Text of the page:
Are artificial sweeteners safe? This is a question that we hearing conflicting answers on all the time. Various studies have linked artificial sugar consumption to kidney disease, metabolic syndrome, and an alteration in gut bacteria. My opinion, as a Certified Nutritionist, is that a moderate amount of artificial sweeteners will probably not do any serious time. Everything in moderation.
Conclusions of Research on Whether Artificial Sweeteners are Safe
A new study has found that artificially sweetened beverages may be just as bad for your heart as the sugar-laden kind.
According to lead author Eloi Chazelas, a doctoral student and member of the nutritional epidemiology research team at the Sorbonne Paris Nord University, “Our study suggests artificially sweetened beverages may not be a healthy substitute for sugar drinks.
Cardiologist Dr. Andrew Freeman, co-chair of the American College of Cardiology nutrition and lifestyle work group says that “We already know that sugar-sweetened beverages are bad news when it comes to cardiovascular and other health outcomes.”
For example, compared to women who drink sugary sodas, sports drinks and juice less than once per month, a 2019 study found women who had more than two servings a day — defined as a standard glass, bottle or can — had a 63% increased risk of premature death. Men who consumed more than two servings had a 29% increase in risk.
New Study on Question of Are Artificial Sweeteners Safe
Now there is another study adding to the growing body of research to help answer the question of are artificial sweeteners safe.
• The new research analyzed data from over 100,000 adult French volunteers participating in the French NutriNet-Santé.
• That’s an ongoing nutritional study launched in 2009 that asks participants to fill out three validated web-based 24-hour dietary records every six months.
• The volunteers were divided into three groups: nonusers, low consumers and high consumers of diet or sugary beverages.
• Sugary beverages included soft drinks, fruit drinks and syrups that were at least 5% sugar as well as 100% fruit juice.
• Diet drinks contained only non-nutritive sweeteners such as aspartame or sucralose and natural sweeteners such as stevia.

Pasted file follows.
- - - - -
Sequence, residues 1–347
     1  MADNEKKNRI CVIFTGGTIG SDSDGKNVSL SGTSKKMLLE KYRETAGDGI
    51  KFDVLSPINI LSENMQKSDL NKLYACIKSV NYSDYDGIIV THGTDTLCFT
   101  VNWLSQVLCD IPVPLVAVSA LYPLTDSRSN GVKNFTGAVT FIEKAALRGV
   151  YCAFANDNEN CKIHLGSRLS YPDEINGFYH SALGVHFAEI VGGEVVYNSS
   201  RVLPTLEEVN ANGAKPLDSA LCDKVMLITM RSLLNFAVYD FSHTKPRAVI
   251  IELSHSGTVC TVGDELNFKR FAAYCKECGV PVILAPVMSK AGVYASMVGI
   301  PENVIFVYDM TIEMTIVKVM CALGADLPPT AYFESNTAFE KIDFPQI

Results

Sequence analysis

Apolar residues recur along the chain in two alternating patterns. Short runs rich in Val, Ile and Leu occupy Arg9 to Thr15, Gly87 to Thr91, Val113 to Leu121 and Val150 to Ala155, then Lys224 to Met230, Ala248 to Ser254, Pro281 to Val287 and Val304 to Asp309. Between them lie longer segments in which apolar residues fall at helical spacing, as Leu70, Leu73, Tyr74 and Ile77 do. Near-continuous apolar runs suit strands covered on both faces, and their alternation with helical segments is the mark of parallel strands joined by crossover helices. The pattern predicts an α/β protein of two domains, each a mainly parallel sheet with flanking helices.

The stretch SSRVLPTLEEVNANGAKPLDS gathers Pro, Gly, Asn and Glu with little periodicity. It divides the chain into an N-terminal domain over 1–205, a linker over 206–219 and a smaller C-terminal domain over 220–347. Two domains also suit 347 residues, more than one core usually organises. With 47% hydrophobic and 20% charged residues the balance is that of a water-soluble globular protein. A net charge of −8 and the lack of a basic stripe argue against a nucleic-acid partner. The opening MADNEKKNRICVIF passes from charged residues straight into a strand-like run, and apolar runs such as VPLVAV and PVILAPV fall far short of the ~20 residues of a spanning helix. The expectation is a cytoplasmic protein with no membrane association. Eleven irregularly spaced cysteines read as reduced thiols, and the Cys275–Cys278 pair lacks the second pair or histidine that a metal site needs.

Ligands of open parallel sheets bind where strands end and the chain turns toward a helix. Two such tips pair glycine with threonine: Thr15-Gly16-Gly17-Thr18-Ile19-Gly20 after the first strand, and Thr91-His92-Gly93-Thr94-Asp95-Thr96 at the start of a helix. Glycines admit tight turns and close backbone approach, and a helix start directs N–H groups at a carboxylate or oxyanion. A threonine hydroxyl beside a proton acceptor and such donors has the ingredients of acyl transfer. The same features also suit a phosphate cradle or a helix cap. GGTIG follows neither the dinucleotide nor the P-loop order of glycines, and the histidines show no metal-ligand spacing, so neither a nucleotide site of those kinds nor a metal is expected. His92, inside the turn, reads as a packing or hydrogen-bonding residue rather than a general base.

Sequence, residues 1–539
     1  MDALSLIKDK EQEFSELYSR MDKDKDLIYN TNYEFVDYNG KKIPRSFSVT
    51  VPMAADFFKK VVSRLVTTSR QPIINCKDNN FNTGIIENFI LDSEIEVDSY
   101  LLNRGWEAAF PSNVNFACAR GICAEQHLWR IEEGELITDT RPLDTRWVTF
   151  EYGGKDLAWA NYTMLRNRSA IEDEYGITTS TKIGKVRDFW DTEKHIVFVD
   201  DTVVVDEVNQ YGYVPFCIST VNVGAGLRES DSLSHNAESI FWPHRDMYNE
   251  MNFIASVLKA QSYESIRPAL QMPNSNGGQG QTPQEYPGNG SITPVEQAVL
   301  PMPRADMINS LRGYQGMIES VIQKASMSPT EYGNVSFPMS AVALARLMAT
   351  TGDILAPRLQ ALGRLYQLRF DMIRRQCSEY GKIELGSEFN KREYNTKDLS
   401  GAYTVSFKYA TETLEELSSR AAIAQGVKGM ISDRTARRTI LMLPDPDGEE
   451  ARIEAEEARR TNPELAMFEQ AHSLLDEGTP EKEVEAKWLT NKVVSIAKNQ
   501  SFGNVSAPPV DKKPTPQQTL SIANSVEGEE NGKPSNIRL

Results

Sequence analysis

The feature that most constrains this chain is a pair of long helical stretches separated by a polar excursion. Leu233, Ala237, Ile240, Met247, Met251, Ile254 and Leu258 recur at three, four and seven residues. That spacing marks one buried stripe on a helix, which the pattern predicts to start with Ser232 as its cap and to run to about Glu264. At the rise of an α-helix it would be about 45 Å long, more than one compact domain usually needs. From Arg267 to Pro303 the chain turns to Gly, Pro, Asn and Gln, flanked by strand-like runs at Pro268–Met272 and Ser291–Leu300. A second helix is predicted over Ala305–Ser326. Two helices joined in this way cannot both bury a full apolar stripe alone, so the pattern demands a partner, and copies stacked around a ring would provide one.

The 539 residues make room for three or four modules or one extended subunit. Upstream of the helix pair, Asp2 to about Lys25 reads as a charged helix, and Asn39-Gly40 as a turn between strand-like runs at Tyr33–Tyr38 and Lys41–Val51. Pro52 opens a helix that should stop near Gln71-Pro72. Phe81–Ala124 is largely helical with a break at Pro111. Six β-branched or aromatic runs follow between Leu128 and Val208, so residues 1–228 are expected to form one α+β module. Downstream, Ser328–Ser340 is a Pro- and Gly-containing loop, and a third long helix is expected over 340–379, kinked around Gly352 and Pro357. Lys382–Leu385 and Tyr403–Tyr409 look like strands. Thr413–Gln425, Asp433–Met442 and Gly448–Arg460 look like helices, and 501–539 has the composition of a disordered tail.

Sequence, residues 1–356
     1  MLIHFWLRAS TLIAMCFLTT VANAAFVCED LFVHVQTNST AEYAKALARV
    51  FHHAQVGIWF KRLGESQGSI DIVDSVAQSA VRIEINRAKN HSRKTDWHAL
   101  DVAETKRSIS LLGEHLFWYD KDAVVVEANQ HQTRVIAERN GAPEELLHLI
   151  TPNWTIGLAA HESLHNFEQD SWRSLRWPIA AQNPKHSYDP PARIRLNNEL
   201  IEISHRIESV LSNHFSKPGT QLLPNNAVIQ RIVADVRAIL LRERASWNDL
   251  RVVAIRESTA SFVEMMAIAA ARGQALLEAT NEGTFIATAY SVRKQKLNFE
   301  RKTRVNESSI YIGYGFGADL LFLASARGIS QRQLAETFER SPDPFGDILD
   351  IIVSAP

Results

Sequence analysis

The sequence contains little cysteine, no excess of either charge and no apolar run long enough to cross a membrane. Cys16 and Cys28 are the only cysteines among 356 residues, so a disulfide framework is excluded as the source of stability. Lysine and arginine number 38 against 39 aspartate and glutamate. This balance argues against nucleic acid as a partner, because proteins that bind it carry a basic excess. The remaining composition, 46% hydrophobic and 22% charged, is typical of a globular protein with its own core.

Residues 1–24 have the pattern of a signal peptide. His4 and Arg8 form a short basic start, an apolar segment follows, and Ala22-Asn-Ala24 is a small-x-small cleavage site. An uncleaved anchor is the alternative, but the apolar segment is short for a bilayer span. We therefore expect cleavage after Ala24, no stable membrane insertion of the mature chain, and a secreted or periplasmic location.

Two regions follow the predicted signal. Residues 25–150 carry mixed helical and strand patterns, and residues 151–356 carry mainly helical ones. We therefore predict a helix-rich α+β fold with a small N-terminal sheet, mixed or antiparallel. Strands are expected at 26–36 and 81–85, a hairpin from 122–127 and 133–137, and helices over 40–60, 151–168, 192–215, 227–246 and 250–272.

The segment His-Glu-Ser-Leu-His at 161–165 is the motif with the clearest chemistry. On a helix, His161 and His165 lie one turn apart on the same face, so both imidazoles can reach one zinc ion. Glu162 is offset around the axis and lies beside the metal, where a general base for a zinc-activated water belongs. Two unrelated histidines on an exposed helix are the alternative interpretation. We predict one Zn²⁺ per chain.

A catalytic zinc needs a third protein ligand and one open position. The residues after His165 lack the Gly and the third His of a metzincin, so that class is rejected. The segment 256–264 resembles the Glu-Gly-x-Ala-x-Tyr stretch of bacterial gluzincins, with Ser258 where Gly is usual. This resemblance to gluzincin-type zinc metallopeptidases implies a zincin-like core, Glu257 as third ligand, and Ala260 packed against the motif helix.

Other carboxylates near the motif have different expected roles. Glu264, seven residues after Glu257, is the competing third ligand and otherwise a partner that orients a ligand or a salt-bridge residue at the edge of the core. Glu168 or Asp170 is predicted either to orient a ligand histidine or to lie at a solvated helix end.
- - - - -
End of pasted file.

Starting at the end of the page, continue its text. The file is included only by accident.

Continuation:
• During follow-up from 2011 to 2019, sugary and diet-drinking habits were separately compared to any first cases of stroke, transient ischemic attack, myocardial infarction, acute coronary syndrome and angioplasty.
• Compared to people who didn’t drink artificially sweetened beverages, high consumers were 20% more likely to have cardiovascular disease at any particular time.
• There was a similar result for higher consumers of sugary drinks when compared to nonusers, the researchers found.
A Growing Body of Research Indicates that Diet Soda is a Health Hazard
Not having more definitive studies in place is a major limitation, researchers have said, as it’s impossible to determine whether the association is due to a specific artificial sweetener, a type of beverage or another hidden health issue.
“We know that people who consume diet sodas sometimes are already overweight or obese, so you have to wonder what other confounders and lifestyle may already exist,” Freeman said.
“We also know that you know when you take in something sweet your body triggers insulin release and a number of other things that can sometimes even lead to weight gain.”
Yasmin Mossavar-Rahmani, an associate professor of clinical epidemiology and population health at the Albert Einstein College of Medicine in the Bronx, New York, who was the lead author for a 2019 study asks:
• “What is it about these diet drinks?
• Is it something about the sweeteners?
• Are they doing something to our gut health and metabolism?
• These are questions we need answered.”
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